The Florida panther often has a right angle kink at the end of its tail, a whorl of hair or a "cowlick" in the middle of its back, and white flecks in the fur on its neck and back. The kink in the tail and the whorl of hair is thought to be the result of inbreeding within a small population and are not defining characteristics of the subspecies. Kinked tails and cowlicks occur less frequently in the population following genetic management that began in 1995. Cowlicks have been reported in other subspecies of puma, but in much lower frequencies. The white flecks in the coat on the neck and back of panthers are caused by tick bites.

Figure 2: Skull Morphology: "Roman Nose"

  • Florida panthers have arched nasel bones, sometimes referred to as a "Roman nose"
  • Nasals are higher (or nearly so) than rest of skull when viewed in profile
  • More easily distinguished on bare skull

 

The first true or modern cat (in the genus Proailurus) appeared around 30 million years ago. Some 10 million years later, a descendant of this first cat (in the genus Pseudaelurus) gave rise to two main branches of the felid family tree: the nimravids, large animals with huge canine teeth, and the felids, smaller, faster animals. Commonly referred to as saber-toothed cats, the nimravids occurred in what is now Florida until the late Pleistocene, about 10,000 years ago, before they went extinct. Meanwhile the other branch of the felid tree continued to thrive. The fossil record reveals that jaguars, American lions, cheetahs, lynx, puma and ocelots occurred in Florida alongside saber-toothed cats until about 10,000 years ago.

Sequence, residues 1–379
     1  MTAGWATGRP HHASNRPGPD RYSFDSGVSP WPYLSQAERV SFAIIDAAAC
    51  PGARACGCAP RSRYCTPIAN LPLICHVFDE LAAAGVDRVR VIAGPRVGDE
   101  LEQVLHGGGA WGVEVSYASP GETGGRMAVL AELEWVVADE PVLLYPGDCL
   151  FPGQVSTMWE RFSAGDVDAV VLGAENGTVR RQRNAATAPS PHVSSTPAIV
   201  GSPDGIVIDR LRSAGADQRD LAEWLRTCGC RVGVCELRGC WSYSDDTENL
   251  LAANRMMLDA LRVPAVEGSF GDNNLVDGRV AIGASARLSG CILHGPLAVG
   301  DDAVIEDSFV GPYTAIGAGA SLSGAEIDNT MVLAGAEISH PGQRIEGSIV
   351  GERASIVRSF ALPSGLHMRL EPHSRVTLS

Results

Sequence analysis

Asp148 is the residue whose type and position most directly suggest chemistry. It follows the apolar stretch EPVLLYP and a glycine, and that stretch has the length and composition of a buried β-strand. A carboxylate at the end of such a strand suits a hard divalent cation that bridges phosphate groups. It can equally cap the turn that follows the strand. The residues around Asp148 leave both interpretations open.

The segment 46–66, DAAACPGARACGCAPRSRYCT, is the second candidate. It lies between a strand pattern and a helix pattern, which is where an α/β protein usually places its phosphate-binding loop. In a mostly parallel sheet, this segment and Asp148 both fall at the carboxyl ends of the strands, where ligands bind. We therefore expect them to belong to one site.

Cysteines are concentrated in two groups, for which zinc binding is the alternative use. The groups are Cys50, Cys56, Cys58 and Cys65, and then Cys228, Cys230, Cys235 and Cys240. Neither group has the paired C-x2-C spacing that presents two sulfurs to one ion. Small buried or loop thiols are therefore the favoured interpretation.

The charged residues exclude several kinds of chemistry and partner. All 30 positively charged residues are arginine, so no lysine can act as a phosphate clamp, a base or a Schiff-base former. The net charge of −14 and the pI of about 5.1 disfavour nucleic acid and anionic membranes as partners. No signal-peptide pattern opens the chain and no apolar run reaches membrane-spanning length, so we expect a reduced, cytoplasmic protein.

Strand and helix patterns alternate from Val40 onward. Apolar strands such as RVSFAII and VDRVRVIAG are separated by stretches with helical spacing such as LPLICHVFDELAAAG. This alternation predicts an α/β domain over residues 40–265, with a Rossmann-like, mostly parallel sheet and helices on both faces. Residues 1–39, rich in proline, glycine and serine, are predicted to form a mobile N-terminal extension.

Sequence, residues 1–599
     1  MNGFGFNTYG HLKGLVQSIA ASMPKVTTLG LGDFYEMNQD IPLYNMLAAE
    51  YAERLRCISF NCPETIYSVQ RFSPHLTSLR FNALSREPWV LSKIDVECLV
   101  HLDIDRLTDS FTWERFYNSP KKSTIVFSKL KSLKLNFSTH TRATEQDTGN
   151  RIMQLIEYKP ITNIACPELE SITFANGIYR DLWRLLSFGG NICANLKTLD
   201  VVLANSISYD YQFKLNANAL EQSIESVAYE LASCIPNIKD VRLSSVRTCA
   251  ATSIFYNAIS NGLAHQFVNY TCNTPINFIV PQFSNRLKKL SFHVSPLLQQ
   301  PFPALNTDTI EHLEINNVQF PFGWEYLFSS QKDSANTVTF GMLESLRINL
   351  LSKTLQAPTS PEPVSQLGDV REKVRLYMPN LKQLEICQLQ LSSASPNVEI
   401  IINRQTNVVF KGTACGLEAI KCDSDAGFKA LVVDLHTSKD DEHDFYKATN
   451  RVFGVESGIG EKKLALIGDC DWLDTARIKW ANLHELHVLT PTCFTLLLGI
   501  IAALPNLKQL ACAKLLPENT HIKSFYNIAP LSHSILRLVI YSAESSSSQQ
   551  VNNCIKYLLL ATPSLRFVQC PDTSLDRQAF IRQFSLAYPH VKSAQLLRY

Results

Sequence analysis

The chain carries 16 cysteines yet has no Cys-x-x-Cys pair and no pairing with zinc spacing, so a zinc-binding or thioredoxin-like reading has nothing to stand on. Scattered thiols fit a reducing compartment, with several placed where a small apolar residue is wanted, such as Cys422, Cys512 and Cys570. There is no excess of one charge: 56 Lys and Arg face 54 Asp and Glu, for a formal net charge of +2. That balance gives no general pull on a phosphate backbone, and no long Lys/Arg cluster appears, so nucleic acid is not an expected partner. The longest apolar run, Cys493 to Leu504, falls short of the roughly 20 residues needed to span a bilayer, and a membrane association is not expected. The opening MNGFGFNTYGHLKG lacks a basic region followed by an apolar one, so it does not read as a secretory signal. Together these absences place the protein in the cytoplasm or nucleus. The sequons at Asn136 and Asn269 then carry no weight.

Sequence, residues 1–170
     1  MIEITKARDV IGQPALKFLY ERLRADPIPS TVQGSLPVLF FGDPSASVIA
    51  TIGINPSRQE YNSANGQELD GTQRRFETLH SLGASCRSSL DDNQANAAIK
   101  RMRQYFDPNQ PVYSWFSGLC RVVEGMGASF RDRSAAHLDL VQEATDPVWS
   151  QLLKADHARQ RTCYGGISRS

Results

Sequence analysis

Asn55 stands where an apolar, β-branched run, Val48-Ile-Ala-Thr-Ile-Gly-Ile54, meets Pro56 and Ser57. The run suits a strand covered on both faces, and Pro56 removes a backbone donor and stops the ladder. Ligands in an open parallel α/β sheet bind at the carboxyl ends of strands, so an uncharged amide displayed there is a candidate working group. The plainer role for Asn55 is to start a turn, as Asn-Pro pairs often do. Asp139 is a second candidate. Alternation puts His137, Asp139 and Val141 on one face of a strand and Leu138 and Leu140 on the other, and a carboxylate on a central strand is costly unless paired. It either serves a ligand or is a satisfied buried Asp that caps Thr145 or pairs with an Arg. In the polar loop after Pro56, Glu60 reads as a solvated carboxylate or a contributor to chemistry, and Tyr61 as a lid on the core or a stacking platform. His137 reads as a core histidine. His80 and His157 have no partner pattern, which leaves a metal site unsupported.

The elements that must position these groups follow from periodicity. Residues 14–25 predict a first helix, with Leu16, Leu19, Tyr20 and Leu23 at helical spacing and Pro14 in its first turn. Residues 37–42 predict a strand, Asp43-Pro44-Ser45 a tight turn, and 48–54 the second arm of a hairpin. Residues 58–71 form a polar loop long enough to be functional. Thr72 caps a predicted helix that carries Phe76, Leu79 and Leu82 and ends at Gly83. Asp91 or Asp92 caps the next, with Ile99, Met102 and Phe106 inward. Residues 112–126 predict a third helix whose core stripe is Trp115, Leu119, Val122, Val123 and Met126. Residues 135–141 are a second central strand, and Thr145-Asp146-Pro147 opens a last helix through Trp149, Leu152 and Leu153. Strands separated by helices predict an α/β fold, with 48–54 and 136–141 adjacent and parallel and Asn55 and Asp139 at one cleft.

Modern puma have been around for about 3 million years and they, along with bobcats, are the remaining wild cats still living in Florida.

Florida Panther

(Top) panther, (middle) panther ears, (bottom) panther tracks

Description: uniformly tan, adults not spotted, tail nearly length of body.

Weight: 60-160 lbs

Total length: 7-8 ft

Body length: 4.5 ft

Tail length: 3 ft

Shoulder height: 2.25 ft

Tip of tail: black all around

Track: A male panther track is roughly
3 1/4" length x 3 1/4" wide

Bobcat

(Top) bobcat, (middle) bobcat ears, (bottom) bobcat tracks

Description: reddish brown, spots evident but variable, tail much shorter than length of body.

Weight: 20-30 lbs

Total length: 3 ft

Body length: 2.5 ft

Tail length: 6 inches

Shoulder height: 1.5 ft

Back of ears: white spot

Tip of tail: white underside

Track: A bobcat track is approximately 1/3 the size of a panther track at:
1 1/4" length x 1 5/8" width

Cat Traits

Watch an ordinary house cat. You'll see traits shared by all cats - no matter how wild, where they live, or whether they are big or small, striped, spotted or solid colored. Watch the cat stalk a lizard in the backyard, moving nearly silently with a steady gaze and mobile ears. Watch it crouch, hind legs tucked under, belly to the ground, tail twitching. Watch it freeze. Then watch it pounce with lightness, accuracy and speed.

All cats hunt live prey. They all have sharp teeth, retractable claws and powerful leg muscles. They have a short muzzle that exerts a more powerful bite than the longer muzzle of the dog. They have excellent hearing and vision and, unlike dogs, mainly hunt by sight and sound rather than by smell. Still, cats' sense of smell is far superior to that of humans. Most cats, including panthers, are solitary hunters and typically feed alone, with the exception of females and their kittens. Older kittens may accompany their mothers on hunts, and kittens of all ages will share their mother's kills.